‘Kashmir Solidarity Day’ was observed in Pakistan and other parts of the world to highlight the Kashmiris’ struggle for freedom. With time India has become more tyrannical and unleashed a reign of terror in Occupied Kashmir.
Hundreds of Kashmiri men, women and children confronting the might of Indian army, paramilitaries, and police have been killed in recent months. Many have been blinded by the use of pellet guns, and countless others arrested and subjected to extreme torture. Since the present phase of the uprising against Indian rule erupted in 1989, an estimated one hundred thousand Kashmiris have lost their lives. International as well as India’s own human rights organizations have been expressing deep concern over custodial killings, use of rape as a weapon of war, discovery of mass graves, and house demolitions.
India blames Pakistan for Kashmir trouble, but it is an open fact that the Kashmiri uprising is as an essentially indigenous movement. Pakistan only extends political, diplomatic and moral support to the people of Kashmir. A new generation of Kashmiris has now taken over the independence struggle. The present wave of protests was triggered by the July 2016 killing at the hands of Indian security forces of a young resistance leader, Burhan Wani. Those killed are replaced by new fighters immediately. Among other things, the Sinha report called for starting “at the earliest” multi-dimensional talks, that should include the Hurriyat, also urging improvement in the human rights situation. Former BJP prime minister Atal Bihari Vajpayee had also started a process of three-way talks, ie, between Kashmiris and New Delhi, Pakistan and India, and Kashmiri leaders on either side of the LoC, leading to significant progress. Unfortunately, the process did not come to a conclusion due to many complicating factors. At present, even pro-India leaders in the Occupied Kashmir, including the current chief minister Mehbooba Mufti and the previous two CMs, Omar Abdullah and Farooq Abdullah, have been calling for a dialogue with Pakistan to resolve the Kashmir issue.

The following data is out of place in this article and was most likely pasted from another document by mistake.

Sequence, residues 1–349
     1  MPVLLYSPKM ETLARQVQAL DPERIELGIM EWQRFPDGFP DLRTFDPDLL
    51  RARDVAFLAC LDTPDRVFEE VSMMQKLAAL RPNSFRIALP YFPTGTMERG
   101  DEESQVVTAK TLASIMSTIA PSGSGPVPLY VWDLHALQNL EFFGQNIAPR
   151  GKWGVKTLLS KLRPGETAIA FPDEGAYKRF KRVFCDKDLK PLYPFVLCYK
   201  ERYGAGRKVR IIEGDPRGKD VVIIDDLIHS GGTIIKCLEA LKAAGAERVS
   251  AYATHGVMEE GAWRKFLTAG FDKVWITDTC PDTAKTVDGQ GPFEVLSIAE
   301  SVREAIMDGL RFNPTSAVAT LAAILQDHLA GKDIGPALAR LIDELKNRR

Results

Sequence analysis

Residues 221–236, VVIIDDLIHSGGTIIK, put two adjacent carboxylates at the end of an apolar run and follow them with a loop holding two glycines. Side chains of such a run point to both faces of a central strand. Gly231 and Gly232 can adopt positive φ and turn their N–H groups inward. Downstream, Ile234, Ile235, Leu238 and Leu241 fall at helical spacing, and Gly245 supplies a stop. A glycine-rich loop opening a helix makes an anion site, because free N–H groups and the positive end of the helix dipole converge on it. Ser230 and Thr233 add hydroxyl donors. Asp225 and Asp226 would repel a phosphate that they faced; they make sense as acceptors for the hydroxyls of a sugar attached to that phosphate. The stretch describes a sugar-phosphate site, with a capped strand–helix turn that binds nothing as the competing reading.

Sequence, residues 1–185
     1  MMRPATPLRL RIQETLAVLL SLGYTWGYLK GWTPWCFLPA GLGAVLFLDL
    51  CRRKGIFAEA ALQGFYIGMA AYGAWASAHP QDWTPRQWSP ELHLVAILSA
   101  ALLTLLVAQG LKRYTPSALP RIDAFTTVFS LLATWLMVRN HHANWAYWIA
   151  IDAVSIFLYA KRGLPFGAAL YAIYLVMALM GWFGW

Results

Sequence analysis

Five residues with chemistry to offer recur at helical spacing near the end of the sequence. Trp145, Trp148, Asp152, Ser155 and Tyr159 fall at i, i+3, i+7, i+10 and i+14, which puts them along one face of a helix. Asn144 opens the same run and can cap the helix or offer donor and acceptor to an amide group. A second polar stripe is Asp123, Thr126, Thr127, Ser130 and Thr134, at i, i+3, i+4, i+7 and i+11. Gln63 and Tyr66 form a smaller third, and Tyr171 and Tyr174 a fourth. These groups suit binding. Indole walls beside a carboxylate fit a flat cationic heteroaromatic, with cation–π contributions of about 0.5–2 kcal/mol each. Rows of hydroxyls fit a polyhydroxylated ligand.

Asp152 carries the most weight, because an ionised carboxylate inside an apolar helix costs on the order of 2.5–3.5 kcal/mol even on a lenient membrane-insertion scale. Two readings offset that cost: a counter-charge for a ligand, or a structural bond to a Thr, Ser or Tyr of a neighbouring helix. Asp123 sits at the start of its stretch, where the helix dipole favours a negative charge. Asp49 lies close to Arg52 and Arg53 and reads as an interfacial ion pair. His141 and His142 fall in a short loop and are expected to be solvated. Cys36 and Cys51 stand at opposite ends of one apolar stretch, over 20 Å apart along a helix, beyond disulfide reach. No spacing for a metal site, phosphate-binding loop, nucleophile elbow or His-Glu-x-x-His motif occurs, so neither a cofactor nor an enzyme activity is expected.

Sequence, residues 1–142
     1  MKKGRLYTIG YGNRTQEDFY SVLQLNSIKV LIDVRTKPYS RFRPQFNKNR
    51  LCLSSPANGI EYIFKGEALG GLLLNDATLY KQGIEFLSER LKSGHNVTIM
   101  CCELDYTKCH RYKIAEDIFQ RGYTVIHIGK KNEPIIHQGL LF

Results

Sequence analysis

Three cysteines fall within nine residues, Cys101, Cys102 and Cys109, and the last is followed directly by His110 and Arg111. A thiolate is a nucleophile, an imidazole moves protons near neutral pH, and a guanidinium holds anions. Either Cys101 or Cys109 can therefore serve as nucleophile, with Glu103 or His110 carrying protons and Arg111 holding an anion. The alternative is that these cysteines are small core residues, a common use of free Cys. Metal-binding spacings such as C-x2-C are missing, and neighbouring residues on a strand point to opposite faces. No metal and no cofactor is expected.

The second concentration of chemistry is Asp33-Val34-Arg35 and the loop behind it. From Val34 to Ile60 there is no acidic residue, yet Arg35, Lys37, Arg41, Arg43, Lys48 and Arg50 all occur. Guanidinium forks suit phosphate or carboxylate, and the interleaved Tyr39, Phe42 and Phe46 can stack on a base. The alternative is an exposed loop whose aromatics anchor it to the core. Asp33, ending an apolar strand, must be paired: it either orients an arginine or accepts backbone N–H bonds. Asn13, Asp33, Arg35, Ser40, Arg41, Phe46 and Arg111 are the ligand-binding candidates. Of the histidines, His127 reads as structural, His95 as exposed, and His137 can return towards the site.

But the Indian government remains adamant. The Modi government has proved to be more intransigent than previous Delhi administrations. A few months ago, Prime Minister Narendra Modi appointed a single-member commission to see what could be done to deal with the situation. The ‘commission’ did not bother to meet with any of the Hurriyat leaders, or to come up with its report, which if it exists is known only to Modi. Needless to say, bloody repression may succeed for some time, but ultimately freedom will be won. The Kashmiri people have made it amply plain that they are not going to give up their fight for freedom. Whatever India may do, the Kashmir freedom movement will not die down. There is still time for New Delhi to see reason and open talks with Pakistan under UN auspices for an honorable settlement of the long festering dispute.